WBC president Mauricio Sulaiman says David Benavidez will be undisputed super middleweight champion Canelo Alvarez’s mandatory challenger for March. However, Sulaiman will allow Canelo (60-2-2, 39 KOs) to fight in May without ordering him to face Benavidez.

A Hollow “Mandatory” Title for Benavidez

Sulaiman’s confirmation of WBC interim 168-lb champion Benavidez as Canelo’s mandatory in March doesn’t solve anything, considering there’s no deadline date for when Alvarez must face him.

Mauricio told Pro Boxing Fans that the WBC will make Benavidez the official mandatory for Canelo in March, but not saying when the fight will be ordered.

It would be more meaningful if Sulaiman gave a drop dead date for when Canelo must face the 27-tear-old Benavidez. Sulaiman isn’t going to do that, and the reason is obvious.

If he puts the superstar Canelo’s back against the wall, he’ll likely vacate their WBC title, leaving the organization and Sulaiman with a far less popular fighter, Benavidez, stepping in as the champion at 168.

Benavidez: The True Victim

  • Benavidez’s size: The fundamental problem with the WBC letting Benavidez take over is his size. He’s essentially a light heavyweight or cruiserweight, who some believe is putting himself through agony to make 168. Benavidez can still make weight for the super middleweight division now, but it’s clear that his days are numbered for that division.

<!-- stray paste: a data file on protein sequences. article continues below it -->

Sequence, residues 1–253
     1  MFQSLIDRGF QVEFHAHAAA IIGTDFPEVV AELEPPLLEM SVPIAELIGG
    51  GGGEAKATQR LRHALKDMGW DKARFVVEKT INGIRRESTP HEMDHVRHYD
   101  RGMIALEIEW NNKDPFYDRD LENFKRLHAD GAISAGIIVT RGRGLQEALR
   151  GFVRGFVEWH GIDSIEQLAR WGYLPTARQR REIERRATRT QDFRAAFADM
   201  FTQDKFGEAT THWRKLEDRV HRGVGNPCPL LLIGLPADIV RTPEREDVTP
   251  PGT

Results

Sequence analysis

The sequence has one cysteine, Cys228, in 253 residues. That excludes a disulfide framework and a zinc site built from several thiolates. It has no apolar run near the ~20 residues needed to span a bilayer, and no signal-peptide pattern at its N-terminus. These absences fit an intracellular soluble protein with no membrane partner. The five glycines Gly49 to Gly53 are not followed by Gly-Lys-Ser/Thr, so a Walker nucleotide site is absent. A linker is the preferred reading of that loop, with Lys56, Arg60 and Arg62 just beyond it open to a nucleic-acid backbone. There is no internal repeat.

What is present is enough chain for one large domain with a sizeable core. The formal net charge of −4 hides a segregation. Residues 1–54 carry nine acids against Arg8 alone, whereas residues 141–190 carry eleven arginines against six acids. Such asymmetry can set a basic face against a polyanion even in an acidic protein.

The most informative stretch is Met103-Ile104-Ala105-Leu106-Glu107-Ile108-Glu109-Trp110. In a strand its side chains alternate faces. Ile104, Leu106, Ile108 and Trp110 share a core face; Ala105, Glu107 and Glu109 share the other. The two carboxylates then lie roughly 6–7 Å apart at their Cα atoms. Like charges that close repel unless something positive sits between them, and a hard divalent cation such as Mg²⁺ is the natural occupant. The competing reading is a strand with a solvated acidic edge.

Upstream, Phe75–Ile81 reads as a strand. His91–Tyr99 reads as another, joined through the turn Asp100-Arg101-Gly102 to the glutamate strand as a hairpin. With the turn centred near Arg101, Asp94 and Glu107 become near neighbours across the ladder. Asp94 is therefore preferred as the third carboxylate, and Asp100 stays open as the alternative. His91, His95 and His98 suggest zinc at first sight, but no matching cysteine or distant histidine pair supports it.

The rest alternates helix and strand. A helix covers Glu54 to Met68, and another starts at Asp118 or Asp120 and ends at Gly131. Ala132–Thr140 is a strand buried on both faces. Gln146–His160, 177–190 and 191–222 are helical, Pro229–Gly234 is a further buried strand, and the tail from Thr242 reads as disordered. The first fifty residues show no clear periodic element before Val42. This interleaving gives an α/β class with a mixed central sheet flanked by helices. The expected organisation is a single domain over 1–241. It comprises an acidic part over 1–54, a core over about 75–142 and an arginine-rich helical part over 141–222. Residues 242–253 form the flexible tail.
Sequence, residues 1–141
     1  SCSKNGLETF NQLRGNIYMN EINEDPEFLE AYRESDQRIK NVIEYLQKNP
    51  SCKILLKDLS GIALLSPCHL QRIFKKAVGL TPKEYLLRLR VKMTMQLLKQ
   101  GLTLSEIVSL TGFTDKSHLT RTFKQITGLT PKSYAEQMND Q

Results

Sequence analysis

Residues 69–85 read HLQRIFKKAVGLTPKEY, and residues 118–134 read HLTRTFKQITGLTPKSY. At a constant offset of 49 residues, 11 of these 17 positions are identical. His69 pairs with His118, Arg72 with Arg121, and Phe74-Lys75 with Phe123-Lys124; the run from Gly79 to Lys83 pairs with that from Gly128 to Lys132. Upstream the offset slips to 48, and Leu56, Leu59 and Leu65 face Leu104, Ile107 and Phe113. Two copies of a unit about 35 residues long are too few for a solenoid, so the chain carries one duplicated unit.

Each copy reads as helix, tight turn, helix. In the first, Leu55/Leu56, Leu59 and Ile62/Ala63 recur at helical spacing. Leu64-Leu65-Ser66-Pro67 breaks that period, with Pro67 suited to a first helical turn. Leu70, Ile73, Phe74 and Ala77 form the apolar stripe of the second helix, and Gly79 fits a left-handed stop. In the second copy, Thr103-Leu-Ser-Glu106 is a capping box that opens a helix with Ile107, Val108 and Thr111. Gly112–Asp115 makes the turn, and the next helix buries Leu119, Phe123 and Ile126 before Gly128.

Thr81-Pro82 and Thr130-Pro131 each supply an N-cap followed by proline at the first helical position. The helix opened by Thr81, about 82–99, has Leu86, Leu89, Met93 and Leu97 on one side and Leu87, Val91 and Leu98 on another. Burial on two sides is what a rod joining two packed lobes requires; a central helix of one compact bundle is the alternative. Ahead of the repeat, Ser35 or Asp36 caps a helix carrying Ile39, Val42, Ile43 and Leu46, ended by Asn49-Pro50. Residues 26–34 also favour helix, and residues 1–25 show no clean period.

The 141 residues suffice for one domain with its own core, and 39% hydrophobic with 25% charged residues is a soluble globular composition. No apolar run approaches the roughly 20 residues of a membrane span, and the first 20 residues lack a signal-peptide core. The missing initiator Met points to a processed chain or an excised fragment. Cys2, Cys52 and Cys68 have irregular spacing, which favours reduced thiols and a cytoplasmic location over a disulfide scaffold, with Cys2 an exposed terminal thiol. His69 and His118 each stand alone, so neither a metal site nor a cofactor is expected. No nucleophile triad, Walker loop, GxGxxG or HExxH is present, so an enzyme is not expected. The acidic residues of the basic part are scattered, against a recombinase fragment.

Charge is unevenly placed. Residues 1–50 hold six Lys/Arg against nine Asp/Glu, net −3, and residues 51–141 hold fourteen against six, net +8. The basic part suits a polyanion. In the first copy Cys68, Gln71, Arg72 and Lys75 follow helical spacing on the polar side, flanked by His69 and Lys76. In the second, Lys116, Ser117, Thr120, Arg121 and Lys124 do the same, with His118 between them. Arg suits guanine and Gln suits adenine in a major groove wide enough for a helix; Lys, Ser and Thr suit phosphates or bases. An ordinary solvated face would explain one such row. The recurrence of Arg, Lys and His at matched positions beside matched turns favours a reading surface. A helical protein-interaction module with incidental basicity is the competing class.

• Weaker champion: So, if the WBC puts Canelo in a spot where they’re forcing him to take a fight that he’s not interested in taking, they’ll end up with Benavidez, and he’ll likely be moving up to light heavyweight or cruiserweight soon out of necessity. The WBC will end up with a poor champion that will take over once Benavidez goes up to light heavyweight or cruiserweight, and they’ll have burned their bridges with Canelo.

The Harsh Reality

So, that leaves one of the lesser-known contenders like Edgar Berlanga to step in and snatch the WBC title. He’s nowhere near as popular as Canelo or Benavidez. So in the end, it’s a lose-lose situation for the WBC to try and force Canelo to fight a guy, Benavidez, who won’t be able to make 168 soon.

As it is, Benavidez is lucky the WBC doesn’t have a 10-lb rehydration rule like the IBF, as it’s highly unlikely he could keep his weight down for a fight day weigh-in after he makes 168.

 

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